The product packaging says you should watch the movie, and then play the game -- but, we'd recommend the opposite. Although Downfall serves as a prequel to the game, it fleshes out details that are only relevant to those that have completed the adventure. Part of the fun of Dead Space's creepy adventure comes from figuring out what happened before Issac's arrival on the Ishimura. While the story is far from original, it's fun to search the ship for more clues about the mysterious alien "Marker" and the
Downfall is pure fan service: a fun, mindless display of gratuitous violence and gore. There's a reason why so many limbs and torsos are floating around the ship, and you'll get to see some truly vicious deaths in great detail. Just a few things to expect from Downfall: someone getting chopped in half vertically, and someone's face getting slashed off. Yum!
While it's entertaining to revel in the not-so-strategic dismemberment, Downfall doesn't offer much else for Dead Space fans. The film is largely centered around Alissa Vincent, a brash, completely unlikable Security Officer on the Ishimura, and her futile efforts to save the lives of everyone on board. Her decision making skills are so laughable, that one can't help but think humanity wouldn't be so doomed without her. Focusing the story on a character that's never mentioned in the game seems strange, considering there are so many other arcs the film can focus on. For example, Issac's ex-girlfriend Nicole, makes only a brief appearance in the game. Considering the mysterious nature of her character in the game, I'm sure many would've appreciated seeing more of what happens to her on the Ishimura.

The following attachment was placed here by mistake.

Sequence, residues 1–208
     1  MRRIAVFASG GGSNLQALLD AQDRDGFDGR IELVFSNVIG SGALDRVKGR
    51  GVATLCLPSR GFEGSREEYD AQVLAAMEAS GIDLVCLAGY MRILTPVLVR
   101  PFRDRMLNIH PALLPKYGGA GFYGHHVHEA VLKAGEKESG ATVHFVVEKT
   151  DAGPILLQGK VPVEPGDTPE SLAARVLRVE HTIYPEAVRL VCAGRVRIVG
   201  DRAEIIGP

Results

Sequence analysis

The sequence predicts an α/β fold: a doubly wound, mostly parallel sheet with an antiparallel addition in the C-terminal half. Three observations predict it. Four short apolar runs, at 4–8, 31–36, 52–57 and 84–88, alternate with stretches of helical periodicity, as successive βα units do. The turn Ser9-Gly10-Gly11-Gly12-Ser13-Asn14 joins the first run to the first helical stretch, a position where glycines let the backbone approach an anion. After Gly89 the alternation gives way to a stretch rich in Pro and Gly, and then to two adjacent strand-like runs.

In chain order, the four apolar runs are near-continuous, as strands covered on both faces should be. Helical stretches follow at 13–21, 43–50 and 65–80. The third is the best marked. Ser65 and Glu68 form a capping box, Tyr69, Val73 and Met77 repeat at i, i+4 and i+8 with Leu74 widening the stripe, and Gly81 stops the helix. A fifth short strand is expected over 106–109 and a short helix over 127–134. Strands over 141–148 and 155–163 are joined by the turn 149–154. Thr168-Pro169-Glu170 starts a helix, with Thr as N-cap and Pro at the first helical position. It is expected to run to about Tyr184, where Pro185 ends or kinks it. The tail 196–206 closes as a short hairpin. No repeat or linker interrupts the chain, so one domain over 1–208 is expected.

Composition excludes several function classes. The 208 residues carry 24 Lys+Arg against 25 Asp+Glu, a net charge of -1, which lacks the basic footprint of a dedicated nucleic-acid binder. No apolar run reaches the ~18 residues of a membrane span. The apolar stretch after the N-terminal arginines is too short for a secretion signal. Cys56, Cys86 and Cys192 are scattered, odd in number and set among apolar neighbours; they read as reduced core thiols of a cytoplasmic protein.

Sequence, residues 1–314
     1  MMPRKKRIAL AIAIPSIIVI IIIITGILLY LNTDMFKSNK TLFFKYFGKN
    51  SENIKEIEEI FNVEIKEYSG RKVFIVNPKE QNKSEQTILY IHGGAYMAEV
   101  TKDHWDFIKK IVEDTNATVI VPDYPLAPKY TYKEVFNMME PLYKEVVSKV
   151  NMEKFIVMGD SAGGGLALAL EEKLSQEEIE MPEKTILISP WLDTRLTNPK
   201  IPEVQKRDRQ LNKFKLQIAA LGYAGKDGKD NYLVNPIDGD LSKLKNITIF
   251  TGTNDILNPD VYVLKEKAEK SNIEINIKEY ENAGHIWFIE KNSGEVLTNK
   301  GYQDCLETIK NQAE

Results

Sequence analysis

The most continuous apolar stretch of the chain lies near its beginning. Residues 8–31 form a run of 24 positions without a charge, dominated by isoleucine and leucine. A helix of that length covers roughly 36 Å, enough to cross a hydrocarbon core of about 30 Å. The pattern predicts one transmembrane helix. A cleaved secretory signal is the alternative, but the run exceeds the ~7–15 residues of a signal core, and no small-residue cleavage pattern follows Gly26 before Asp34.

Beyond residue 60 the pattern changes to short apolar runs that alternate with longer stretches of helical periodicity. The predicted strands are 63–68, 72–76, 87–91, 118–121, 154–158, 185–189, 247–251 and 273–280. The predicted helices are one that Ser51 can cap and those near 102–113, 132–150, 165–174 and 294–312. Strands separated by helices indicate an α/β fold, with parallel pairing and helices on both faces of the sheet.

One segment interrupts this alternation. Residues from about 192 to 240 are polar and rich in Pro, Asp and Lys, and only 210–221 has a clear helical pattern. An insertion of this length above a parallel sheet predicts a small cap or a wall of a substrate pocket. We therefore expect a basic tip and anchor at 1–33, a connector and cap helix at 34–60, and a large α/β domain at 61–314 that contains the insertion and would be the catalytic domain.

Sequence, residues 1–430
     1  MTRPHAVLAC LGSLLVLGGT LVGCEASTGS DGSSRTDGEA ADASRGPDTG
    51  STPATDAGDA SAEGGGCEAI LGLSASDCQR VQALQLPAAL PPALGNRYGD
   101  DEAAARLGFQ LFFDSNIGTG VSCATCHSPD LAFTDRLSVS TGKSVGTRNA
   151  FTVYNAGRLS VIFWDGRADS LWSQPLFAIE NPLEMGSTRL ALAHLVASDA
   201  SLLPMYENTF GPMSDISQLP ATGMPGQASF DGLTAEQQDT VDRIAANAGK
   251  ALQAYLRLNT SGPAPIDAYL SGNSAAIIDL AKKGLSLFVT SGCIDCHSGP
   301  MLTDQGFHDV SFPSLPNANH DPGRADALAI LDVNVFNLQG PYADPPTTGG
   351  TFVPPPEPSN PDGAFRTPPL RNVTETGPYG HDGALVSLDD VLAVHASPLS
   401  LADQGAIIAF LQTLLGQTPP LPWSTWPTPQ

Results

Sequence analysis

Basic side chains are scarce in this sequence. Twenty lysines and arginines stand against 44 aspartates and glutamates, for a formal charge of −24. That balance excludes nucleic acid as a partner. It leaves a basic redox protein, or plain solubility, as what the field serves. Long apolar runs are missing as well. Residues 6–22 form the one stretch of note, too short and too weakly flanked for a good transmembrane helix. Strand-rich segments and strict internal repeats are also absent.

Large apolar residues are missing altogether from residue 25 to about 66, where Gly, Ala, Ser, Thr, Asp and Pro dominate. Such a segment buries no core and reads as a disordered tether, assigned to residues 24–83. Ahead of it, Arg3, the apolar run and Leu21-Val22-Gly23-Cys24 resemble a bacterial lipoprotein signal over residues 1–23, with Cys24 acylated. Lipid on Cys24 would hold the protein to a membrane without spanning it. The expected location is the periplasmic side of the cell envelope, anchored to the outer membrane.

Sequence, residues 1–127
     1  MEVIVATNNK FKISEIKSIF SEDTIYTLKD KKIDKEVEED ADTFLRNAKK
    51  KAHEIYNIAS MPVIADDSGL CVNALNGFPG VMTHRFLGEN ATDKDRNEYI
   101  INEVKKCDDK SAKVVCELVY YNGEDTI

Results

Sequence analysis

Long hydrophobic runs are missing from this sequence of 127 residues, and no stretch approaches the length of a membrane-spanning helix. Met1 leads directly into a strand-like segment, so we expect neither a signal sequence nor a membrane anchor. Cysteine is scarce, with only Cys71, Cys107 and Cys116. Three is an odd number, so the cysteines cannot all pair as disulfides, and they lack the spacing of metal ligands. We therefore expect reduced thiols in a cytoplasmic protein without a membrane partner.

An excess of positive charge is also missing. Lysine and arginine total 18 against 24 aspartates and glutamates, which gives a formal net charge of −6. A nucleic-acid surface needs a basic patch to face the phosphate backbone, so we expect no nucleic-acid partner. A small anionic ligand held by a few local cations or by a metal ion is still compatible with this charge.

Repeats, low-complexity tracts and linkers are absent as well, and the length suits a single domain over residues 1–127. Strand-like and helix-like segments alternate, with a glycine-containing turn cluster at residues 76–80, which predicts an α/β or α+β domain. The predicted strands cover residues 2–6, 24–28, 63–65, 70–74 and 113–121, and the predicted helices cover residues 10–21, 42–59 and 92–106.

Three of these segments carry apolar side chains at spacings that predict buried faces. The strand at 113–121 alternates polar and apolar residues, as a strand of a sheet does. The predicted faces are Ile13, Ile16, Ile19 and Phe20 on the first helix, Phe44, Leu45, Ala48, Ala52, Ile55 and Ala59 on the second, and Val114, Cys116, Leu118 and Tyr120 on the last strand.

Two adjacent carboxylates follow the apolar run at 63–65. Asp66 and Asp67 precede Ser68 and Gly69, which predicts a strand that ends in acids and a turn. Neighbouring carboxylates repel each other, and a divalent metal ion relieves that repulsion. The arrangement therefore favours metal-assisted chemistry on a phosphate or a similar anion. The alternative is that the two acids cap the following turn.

Although there's a rich amount of content to draw from, Downfall rarely takes advantage of the events chronicled in the various audio and video logs scattered through the ship. The increasing paranoia of the Ishimura crew is touched upon only lightly. The game's more interesting characters, like Dr. Mercer, never make an appearance in the film. Downfall does have one scene that fans will love: the death of Captain Matthius. This scene, one of the game's more memorable video logs, is expanded upon in Downfall to great effect.
There are a lot of interesting aspects to Dead Space's back story, but Downfall ultimately fails to expand upon that universe in any meaningful way. Perhaps Downfall was a bit too rushed, both in its narrative and its production. At a paltry 70 minutes, it doesn't give viewers much time to absorb anything but carnage. Dead Space has a lot of action, but its mood benefits from the still moments. Downfall could have benefited from more horror by slowing things down.
Available on Blu-ray, in addition to the standard DVD format, Downfall doesn't warrant a high-definition splurge. The quality of the animation is noticeably lackluster -- it's more akin to a Saturday morning cartoon than a silver-screen animated movie. We can't help but think Downfall would've looked much more impressive if it were simply made in Dead Space's game engine as machinima. Considering the entire film takes place in locations found in the game, this shouldn't have been too difficult a feat, no? (Dear EA, feel free to borrow this idea for any future Dead Space animated features. 'Kay? Thanks.)
Obviously, expectations for a straight-to-DVD animated spin-off of a video game aren't very high. In many ways, it's surprising to see how much better Dead Space: Downfall fares compared to the big-budget theatrical adaptations of games Hollywood continues to puke out. At the very least, Dead Space fans can enjoy the film as fan service, an accomplishment rarely shared by most game flicks. Still, there's a lot of wasted potential in in Downfall. Good thing EA will have a chance to get it right next time.